Cookies on Leisure Tourism

Like most websites we use cookies. This is to ensure that we give you the best experience possible.

 

Continuing to use www.cabi.org  means you agree to our use of cookies. If you would like to, you can learn more about the cookies we use.

Leisure Tourism

Your source for all tourism, leisure and hospitality information

>>> Sign up to receive our Leisure, Hospitality & Tourism e-newsletter, book alerts, and offers <<<

Results per page:

Search results

Abstract

Animals, such as birds, are a source of fecal indicator bacteria and pathogens in the environment. Our objective was to determine whether a colony of cliff swallows nesting underneath a bridge would yield a measurable increase in fecal indicator bacteria (specifically Escherichia coli) in the...

Author(s)
Sejkora, P.; Kirisits, M. J.; Barrett, M.
Publisher
American Water Resources Association (AWRA), Middleburg, USA
Citation
Journal of the American Water Resources Association, 2011, 47, 6, pp 1275-1284
Abstract

The current recreational water quality criteria using growth-based measurements of fecal indicator bacteria (FIB) concentration have their limitations for swimmer protection. To evaluate the possible use of enteric viruses as an improved indicator of human sewage contamination in recreational...

Author(s)
Tong, H. I.; Connell, C.; Boehm, A. B.; Lu, Y. N.
Publisher
Elsevier Ltd, Oxford, UK
Citation
Water Research (Oxford), 2011, 45, 18, pp 5837-5848
Abstract

Introduction: Advances in molecular methods provide new opportunities for directly measuring pathogens or host-associated markers of fecal pollution instead of relying on fecal indicator bacteria (FIB) alone for beach water quality monitoring. Adoption of new indicators depends on identifying...

Author(s)
Griffith, J. F.; Weisberg, S. B.; Arnold, B. F.; Cao YiPing; Schiff, K. C.; Colford, J. M., Jr.
Publisher
Elsevier Ltd, Oxford, UK
Citation
Water Research (Oxford), 2016, 94, pp 371-381
Abstract

To protect recreational water users from waterborne pathogen exposure, it is crucial that waterways are monitored for the presence of harmful bacteria. In NYC, a citizen science campaign is monitoring waterways impacted by inputs of storm water and untreated sewage during periods of rainfall....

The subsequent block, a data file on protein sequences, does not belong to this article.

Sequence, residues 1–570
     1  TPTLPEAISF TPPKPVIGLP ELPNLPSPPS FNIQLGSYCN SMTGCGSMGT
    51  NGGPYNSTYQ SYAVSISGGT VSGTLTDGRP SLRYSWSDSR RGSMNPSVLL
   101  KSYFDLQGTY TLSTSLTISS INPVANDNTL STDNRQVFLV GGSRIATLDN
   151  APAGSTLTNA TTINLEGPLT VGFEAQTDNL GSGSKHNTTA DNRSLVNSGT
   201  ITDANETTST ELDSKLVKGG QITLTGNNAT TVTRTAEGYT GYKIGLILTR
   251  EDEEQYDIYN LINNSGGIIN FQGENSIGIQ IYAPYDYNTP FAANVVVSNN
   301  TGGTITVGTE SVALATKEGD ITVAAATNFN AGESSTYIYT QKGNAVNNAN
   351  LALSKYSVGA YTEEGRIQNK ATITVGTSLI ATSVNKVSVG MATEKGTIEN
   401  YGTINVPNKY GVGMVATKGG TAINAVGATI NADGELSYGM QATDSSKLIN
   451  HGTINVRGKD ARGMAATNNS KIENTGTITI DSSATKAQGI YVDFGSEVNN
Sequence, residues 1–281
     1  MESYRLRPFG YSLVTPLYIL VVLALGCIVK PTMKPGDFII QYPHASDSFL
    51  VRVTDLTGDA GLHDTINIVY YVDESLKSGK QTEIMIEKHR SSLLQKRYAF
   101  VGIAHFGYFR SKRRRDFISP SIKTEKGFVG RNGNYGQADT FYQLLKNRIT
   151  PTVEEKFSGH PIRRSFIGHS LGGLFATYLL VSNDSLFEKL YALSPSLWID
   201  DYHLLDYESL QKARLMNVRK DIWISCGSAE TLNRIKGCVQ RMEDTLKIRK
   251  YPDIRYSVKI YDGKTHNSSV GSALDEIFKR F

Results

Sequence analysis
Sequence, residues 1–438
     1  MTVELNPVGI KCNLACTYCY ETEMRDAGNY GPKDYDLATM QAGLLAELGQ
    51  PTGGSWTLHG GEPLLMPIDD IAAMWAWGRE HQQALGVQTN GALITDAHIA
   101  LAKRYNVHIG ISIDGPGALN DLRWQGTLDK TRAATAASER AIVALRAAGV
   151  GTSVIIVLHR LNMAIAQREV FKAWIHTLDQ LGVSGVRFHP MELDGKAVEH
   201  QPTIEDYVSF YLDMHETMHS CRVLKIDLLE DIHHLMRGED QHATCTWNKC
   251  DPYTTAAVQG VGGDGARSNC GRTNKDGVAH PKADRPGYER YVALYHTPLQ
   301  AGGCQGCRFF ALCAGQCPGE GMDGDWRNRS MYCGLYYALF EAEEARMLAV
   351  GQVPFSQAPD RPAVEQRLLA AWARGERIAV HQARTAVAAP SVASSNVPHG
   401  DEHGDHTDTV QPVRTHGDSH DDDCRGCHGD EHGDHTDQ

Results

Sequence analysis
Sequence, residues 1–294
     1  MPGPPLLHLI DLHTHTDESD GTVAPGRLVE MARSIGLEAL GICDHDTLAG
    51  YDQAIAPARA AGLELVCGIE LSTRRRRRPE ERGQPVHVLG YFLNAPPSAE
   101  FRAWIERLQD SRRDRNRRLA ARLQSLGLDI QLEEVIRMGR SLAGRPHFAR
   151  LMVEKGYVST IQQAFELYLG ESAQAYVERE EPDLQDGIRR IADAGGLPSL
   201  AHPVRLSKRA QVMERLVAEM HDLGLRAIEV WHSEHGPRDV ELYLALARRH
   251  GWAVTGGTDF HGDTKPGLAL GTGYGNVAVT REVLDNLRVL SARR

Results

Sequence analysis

Author(s)
Farnham, D. J.; Gibson, R. A.; Hsueh, D. Y.; McGillis, W. R.; Culligan, P. J.; Zain, N.; Buchanan, R.
Publisher
Elsevier Ltd, Oxford, UK
Citation
Science of the Total Environment, 2017, 580, pp 168-177
Abstract

Along southern California beaches, the concentrations of fecal indicator bacteria (FIB) used to quantify the potential presence of fecal contamination in coastal recreational waters have been previously documented to be higher during wet weather conditions (typically winter or spring) than those...

Author(s)
Steele, J. A.; Blackwood, A. D.; Griffith, J. F.; Noble, R. T.; Schiff, K. C.
Publisher
Elsevier Ltd, Oxford, UK
Citation
Water Research (Oxford), 2018, 136, pp 137-149
Abstract

Fecal indicator bacteria (FIB) have been used to assess fecal contamination in recreational water. However, enteric viruses have been shown to be more persistent in the environment and resistant to wastewater treatment than bacteria. Recently, U.S Environmental Protection Agency has proposed the...

Author(s)
Cooksey, E. M.; Gulshan Singh; Scott, L. C.; Aw TiongGim
Publisher
Elsevier Ltd, Oxford, UK
Citation
Science of the Total Environment, 2019, 649, pp 1514-1521
Abstract

Fecal contamination of recreational waters with cattle manure can pose a risk to public health due to the potential presence of various zoonotic pathogens. Fecal indicator bacteria (FIB) have a long history of use in the assessment of recreational water quality, but FIB quantification provides no...

Author(s)
Korajkic, A.; McMinn, B. R.; Ashbolt, N. J.; Sivaganesan, M.; Harwood, V. J.; Shanks, O. C.
Publisher
Elsevier Ltd, Oxford, UK
Citation
Science of the Total Environment, 2019, 650, Part 1, pp 1292-1302

Refine Results

Sort Order
Author
Geographical Location
Organisms
Subject Topics